Harry Connolly recently wrote an interesting guest post on Charlie Stross’s blog about a way to sort thrillers into two categories, high and low. I bring that up, because his recent first novel Child of Fire, the first in the Twenty Palace series, is strongly in the category of the low category. Though I wouldn’t categorize the book as thriller, rather it’s part of the whole urban fantasy genre. If you think Harry Dresden, you’re pretty close in style. Although, since it’s written by a man, it’s nearly devoid of any romance elements (somehow only women writing in the genre bring these in, I’ve never seen such a obvious split in a genre along male/female lines like in the urban fantasy/paranormal romance genre).
The low distinction fits well, since the main character is easy to relate to, not because of his backstory, but because of his power level and his all-too human reactions to the events he partakes in. He’s capable, but not a superman. He gets exhausted, most of his enemies are deadlier than him and even normal humans can be a threat. It brought back why I so enjoyed the early Harry Dresden novels, which were also part of the low category, before Harry became a part of the higher power structure. There’s nothing inherently good or bad about either form, it’s just easier to relate to a character when he can’t solve any problem with superior fire power or magic and has to use his wits to survive and has to back down when he’s overpowered. When he’s still human enough to feel stressed out about surviving a knife fight and when he pukes his guts out because of the horrible events he has just witnessed.
First novels in a series often have a rawness and intensity that the Xth-part of a long-running series can’t provide. Everything feels new and fresh, even though the setting of the Twenty Palace series is far from original. The secret magic society trying to save the world from supernatural threats is a pretty common genre cliche. But Connolly still manages to evoke the feeling of danger, that anything can happen, since we don’t know the rules on which the fictional setting operates. There’s a strong if indirect infusion of Lovecraftian world-building. The threats aren’t evil magicians plotting to rule the world, it’s merely that our world represents a tasty snack for extremely powerful, supernatural predators. And there’s an diverse ecology of these things in the outer dark, all of them extremely deadly once brought into our world, each of them with the power to completely annihilate humanity. Not that this would stop all the idiots who think they can control them.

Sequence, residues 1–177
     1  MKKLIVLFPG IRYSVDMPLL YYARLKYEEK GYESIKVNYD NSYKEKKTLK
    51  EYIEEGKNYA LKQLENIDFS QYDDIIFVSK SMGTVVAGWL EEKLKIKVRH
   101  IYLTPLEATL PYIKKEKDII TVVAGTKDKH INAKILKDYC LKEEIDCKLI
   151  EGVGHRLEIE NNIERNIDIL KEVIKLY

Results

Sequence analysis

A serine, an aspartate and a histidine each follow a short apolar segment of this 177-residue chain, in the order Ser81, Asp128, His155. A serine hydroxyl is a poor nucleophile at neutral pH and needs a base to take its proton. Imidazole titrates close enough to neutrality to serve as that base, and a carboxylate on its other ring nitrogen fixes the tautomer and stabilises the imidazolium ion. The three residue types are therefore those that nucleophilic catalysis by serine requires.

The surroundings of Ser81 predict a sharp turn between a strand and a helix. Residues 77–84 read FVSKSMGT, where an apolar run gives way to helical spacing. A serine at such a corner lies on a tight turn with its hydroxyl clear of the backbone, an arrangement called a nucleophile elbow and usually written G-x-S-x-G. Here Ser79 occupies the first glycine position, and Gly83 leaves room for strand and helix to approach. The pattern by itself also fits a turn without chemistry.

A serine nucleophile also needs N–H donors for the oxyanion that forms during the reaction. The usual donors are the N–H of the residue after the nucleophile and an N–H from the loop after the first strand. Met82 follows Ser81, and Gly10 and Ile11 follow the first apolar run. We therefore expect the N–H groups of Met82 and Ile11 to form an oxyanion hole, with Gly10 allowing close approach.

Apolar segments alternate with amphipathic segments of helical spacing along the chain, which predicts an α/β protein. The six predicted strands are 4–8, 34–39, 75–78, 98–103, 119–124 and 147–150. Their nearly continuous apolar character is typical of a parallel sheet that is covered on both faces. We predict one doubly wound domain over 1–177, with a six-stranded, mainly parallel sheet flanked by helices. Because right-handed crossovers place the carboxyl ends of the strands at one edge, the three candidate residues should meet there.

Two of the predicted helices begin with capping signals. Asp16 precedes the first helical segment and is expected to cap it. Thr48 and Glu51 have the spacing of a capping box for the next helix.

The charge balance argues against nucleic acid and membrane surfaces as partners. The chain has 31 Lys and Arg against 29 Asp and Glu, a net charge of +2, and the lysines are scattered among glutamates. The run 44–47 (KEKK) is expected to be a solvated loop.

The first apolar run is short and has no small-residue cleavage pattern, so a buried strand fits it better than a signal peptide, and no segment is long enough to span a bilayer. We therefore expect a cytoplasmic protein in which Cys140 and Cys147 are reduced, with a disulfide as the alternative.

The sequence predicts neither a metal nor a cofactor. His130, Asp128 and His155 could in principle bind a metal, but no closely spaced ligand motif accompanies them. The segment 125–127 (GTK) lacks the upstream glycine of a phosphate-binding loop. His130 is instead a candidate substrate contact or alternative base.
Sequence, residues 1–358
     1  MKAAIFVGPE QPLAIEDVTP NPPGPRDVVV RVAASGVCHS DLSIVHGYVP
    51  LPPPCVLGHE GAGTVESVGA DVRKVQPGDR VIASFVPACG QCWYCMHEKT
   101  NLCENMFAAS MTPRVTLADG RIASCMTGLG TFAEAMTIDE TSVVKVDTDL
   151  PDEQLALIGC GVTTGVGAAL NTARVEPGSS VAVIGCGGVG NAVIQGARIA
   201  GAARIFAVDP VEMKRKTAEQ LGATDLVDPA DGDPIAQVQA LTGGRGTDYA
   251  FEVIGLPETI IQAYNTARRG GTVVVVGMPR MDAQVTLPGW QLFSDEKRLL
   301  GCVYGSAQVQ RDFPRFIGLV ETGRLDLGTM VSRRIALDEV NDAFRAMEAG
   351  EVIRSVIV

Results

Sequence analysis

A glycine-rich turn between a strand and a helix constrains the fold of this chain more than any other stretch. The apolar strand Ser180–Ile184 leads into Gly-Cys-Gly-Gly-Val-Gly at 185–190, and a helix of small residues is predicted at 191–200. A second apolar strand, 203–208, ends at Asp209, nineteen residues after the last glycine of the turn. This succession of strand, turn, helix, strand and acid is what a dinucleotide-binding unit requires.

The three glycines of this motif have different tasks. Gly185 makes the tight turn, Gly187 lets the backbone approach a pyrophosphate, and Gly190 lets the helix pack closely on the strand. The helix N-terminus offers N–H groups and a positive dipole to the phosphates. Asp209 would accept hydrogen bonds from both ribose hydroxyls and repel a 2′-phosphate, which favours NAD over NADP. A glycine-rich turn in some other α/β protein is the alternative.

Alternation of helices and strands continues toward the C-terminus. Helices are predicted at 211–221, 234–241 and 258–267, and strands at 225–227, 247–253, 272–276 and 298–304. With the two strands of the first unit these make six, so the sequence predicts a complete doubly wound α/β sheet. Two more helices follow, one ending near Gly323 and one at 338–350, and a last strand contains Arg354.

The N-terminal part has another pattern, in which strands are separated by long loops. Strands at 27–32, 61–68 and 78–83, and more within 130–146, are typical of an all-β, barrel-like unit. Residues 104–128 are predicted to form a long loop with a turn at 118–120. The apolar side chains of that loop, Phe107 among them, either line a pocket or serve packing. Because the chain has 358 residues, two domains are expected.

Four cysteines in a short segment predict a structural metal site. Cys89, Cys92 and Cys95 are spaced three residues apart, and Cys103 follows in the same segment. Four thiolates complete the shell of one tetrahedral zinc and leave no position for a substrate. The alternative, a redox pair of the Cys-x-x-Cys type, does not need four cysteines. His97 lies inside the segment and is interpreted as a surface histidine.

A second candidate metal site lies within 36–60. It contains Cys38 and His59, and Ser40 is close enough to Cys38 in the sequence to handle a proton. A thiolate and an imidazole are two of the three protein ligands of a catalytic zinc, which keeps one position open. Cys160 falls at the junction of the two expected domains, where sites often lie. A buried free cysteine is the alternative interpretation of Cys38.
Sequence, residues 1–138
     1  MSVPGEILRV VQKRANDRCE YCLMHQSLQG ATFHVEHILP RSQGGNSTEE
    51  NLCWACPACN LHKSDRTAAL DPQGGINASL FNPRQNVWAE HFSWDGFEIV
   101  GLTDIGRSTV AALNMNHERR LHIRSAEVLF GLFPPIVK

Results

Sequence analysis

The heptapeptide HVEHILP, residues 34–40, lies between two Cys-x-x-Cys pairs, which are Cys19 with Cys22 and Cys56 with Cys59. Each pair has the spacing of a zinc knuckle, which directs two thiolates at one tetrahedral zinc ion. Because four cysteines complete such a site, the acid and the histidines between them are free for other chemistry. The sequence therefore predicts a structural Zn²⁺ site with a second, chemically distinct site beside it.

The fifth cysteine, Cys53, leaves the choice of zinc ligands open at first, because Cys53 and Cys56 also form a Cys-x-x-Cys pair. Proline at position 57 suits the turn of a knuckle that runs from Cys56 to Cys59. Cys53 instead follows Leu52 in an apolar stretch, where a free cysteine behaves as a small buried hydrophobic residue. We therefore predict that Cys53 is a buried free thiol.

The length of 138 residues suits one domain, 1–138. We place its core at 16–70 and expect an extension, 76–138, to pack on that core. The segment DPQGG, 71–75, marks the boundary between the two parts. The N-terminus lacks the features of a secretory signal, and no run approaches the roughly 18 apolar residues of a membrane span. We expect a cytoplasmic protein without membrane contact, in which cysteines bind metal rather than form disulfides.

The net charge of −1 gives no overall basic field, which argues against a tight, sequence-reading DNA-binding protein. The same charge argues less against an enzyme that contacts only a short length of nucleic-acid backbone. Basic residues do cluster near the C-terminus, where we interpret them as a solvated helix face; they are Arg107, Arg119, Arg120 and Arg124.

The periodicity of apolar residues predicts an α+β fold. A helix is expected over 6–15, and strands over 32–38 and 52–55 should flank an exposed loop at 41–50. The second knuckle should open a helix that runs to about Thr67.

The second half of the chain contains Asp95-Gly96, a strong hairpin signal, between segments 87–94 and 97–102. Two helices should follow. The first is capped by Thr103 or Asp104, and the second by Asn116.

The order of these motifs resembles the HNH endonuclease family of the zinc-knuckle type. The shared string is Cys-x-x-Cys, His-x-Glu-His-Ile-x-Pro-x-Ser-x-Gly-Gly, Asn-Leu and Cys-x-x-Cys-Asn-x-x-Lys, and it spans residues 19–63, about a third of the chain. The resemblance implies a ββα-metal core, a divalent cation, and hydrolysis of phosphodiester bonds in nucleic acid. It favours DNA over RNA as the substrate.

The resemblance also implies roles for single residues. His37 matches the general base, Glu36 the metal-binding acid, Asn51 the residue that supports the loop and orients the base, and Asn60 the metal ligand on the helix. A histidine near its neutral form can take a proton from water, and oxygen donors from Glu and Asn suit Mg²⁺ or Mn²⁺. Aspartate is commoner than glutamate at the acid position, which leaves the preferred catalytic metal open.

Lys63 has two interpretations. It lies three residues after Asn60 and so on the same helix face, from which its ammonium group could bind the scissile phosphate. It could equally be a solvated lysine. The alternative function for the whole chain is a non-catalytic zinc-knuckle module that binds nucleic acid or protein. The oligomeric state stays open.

To counteract that kind of threat you need people who are just as ruthless, who don’t care about slaughtering a few innocent bystanders when they can stop the predators from the outer dark, or the idiots who bring them here. Shoot first, ask questions later. That’s the setup of the first novel of the Twenty Palace series, a former criminal working as a very expendable henchman for one of the hitman of the Twenty Palace society, trying to find out why a small-town toymaker is more successful than he should be. And then everything goes AWOL. Pretty intense read, far more than I expected from a typical urban fantasy novel, with a few really gut-wrenching scenes.